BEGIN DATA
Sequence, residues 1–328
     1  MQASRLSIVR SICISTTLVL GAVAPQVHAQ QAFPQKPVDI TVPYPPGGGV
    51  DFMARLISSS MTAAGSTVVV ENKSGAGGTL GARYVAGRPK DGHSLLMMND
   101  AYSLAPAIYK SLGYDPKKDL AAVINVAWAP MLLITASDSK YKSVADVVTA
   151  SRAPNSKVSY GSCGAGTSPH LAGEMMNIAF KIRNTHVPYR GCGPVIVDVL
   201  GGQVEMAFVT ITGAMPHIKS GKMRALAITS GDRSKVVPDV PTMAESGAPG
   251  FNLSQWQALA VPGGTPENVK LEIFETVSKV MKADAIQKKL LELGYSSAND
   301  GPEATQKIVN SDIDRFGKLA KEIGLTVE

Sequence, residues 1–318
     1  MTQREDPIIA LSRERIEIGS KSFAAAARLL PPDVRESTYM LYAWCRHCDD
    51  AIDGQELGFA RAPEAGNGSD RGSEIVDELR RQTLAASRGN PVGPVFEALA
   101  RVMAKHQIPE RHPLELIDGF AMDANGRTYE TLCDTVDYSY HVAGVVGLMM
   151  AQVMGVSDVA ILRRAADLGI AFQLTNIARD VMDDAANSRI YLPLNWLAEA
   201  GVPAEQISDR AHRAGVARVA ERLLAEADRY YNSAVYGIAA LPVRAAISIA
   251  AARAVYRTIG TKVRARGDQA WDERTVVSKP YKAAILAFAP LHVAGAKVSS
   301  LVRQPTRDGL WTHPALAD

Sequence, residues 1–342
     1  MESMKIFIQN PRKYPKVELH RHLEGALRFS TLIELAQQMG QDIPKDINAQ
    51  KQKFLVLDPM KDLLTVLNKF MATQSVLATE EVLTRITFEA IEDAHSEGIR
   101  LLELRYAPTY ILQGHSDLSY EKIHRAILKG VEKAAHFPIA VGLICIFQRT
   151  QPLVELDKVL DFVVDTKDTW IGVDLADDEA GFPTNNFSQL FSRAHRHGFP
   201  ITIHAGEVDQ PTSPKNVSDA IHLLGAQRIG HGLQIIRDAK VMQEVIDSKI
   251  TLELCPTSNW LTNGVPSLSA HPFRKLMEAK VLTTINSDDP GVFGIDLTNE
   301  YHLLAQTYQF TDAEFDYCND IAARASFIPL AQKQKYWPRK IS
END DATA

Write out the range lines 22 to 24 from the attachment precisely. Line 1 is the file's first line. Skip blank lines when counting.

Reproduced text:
   201  ITIHAGEVDQ PTSPKNVSDA IHLLGAQRIG HGLQIIRDAK VMQEVIDSKI
   251  TLELCPTSNW LTNGVPSLSA HPFRKLMEAK VLTTINSDDP GVFGIDLTNE
   301  YHLLAQTYQF TDAEFDYCND IAARASFIPL AQKQKYWPRK IS